If my grandparents taught me anything, it’s that you don’t let a perfectly good container go to waste. Who needs to spend money on expensive, high-quality glass food containers when your empty butter container will do the trick?
Maybe this stems from a deep desire to protect our planet. Reduce, reuse, recycle, right? Or maybe it’s simple human ingenuity. Whatever the case, there’s really no harm in rinsing out your Country Crock or I Can’t Believe it’s Not Butter container to fill it up with something else. When I opened the refrigerator as a kid, I’d see more than one container of butter or sour cream and it would be a roulette game of finding the one container that actually held the product on its label among those filled with some super spicy homemade salsa.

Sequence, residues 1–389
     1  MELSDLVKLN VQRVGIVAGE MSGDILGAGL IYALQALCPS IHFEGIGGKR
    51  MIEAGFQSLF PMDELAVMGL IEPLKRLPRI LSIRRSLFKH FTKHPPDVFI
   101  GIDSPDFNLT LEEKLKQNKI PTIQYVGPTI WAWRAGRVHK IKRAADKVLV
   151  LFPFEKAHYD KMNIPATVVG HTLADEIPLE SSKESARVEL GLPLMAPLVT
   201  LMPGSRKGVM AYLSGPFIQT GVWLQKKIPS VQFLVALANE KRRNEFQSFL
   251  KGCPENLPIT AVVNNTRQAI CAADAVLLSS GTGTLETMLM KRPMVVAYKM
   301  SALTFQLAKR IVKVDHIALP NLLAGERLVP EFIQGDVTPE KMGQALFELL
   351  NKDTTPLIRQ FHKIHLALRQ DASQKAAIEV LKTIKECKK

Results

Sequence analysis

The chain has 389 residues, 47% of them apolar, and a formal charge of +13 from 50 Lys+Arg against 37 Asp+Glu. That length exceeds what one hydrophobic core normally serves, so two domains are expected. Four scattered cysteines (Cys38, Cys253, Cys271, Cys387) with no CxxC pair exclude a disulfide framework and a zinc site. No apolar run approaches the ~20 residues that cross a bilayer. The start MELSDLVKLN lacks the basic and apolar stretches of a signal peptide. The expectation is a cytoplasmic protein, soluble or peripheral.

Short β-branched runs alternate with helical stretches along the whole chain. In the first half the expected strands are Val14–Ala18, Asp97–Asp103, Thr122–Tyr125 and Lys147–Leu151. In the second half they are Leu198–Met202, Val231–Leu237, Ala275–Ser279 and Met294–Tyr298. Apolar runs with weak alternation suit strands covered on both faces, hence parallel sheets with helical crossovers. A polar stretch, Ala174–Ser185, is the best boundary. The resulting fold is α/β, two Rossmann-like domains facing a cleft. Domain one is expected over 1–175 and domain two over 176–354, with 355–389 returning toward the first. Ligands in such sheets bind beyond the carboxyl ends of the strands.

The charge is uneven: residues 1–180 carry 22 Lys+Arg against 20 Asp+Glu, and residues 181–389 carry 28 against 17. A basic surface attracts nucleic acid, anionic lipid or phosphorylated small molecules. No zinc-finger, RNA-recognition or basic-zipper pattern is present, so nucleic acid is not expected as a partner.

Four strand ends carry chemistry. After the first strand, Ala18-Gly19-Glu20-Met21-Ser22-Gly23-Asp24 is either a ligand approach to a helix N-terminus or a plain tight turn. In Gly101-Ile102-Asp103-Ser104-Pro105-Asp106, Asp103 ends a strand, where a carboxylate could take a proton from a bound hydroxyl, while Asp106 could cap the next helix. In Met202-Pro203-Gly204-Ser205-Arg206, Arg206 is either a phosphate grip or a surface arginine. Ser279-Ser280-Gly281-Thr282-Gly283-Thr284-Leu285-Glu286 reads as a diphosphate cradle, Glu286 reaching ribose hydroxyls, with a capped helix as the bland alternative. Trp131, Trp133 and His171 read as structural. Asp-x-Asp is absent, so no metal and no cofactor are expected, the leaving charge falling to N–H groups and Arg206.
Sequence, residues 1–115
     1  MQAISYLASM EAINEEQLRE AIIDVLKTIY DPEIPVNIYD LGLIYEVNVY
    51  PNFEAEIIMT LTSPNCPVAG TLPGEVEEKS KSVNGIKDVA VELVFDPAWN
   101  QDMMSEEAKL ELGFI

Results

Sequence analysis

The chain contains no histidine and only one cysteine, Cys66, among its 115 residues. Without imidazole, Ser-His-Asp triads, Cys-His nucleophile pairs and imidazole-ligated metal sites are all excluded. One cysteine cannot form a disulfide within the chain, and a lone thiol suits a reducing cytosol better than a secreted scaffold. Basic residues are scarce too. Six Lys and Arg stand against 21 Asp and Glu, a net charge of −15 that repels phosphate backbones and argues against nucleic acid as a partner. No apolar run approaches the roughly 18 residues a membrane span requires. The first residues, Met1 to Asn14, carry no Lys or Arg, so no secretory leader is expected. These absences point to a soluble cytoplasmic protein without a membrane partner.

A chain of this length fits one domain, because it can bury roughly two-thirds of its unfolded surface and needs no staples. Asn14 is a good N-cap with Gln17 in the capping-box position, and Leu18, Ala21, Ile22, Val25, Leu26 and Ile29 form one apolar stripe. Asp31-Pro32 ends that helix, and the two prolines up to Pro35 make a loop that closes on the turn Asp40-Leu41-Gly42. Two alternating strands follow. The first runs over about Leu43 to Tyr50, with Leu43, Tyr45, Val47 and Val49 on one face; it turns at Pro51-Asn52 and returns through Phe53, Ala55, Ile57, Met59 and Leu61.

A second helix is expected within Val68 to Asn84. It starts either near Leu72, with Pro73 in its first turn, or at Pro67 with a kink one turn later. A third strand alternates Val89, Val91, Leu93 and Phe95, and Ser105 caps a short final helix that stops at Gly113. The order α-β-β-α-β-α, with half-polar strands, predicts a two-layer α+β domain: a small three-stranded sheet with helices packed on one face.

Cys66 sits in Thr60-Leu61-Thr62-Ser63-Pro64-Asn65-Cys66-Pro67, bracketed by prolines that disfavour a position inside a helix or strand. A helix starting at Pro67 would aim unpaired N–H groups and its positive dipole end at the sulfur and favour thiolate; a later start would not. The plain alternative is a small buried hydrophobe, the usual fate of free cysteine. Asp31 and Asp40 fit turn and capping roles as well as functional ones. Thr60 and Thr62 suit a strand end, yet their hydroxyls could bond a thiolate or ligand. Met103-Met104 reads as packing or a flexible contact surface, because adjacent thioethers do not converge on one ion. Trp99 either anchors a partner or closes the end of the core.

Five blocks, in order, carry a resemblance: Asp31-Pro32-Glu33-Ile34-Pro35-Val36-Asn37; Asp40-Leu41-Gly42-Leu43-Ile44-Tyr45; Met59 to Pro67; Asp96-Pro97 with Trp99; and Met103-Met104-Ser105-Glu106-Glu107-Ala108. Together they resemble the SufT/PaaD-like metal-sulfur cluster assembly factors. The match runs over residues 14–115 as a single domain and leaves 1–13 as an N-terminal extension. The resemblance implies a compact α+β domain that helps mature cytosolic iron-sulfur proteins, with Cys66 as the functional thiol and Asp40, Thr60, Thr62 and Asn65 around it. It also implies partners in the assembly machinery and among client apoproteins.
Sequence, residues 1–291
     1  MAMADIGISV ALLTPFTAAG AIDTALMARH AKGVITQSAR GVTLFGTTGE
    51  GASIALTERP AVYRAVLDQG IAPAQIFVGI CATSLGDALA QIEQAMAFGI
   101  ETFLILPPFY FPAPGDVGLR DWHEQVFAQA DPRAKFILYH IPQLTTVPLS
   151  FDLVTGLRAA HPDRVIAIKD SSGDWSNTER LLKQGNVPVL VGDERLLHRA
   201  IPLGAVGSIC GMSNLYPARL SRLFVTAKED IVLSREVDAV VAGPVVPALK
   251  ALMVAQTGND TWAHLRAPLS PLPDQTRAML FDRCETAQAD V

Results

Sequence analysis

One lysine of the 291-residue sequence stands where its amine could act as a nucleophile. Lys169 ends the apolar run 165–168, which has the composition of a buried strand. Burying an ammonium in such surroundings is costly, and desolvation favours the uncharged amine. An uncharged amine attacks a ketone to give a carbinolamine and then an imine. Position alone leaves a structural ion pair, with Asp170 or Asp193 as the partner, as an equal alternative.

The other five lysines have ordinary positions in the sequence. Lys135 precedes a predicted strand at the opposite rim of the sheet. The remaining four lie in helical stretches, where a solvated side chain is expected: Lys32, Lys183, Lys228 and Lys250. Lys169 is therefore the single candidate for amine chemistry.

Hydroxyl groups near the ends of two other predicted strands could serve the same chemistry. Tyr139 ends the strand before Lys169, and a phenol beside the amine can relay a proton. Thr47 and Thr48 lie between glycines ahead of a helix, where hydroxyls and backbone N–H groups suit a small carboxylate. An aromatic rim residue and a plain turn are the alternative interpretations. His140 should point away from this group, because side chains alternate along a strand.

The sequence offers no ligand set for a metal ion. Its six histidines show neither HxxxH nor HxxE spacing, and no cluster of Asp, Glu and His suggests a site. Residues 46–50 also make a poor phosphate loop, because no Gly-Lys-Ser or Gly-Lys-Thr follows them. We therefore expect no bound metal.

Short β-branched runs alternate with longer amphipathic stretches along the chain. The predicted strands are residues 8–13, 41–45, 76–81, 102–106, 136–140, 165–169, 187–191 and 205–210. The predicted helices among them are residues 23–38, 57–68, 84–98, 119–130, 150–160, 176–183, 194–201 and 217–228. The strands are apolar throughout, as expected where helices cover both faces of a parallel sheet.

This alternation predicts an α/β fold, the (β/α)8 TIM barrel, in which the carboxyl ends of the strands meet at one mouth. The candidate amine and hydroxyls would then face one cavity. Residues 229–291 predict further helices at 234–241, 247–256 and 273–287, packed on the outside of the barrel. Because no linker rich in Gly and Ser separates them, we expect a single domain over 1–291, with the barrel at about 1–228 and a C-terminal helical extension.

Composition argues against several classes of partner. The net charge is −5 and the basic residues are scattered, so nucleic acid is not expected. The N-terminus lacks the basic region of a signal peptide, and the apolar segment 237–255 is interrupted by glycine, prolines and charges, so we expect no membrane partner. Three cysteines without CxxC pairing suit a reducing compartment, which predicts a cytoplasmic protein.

Nowadays, a large portion of my food storage collection consists of reused deli meat containers. Shout out to Lunch Mate Family Size Oven Roasted Turkey for keeping my leftovers safe. The only thing to be careful about is the reheating process. Trust me, sometimes I don’t want to create more dirty dishes, so taking leftovers from the refrigerator straight to the microwave is a choice I am guilty of making. Unfortunately, fellow Takeout staff writer Dennis Lee has pointed out that this is not the best way to reheat food in the microwave.
Although heating plastic in the microwave is inadvisable, in my defense, I would also like to note that I once heated up my lunch in a glass container at work and it promptly broke into large shards. The noise was loud and embarrassing, but somehow my coworkers at the time were so distracted by their own food that I was able to clean it all up and safely throw it out without anyone noticing. (This was before my time at The Takeout, so I assure you no food writers were harmed—just my pride.)
Takeout editor in chief Marnie Shure admits that the butter container in her fridge is currently filled with wet dog food. So, tell us, what’s in your butter container?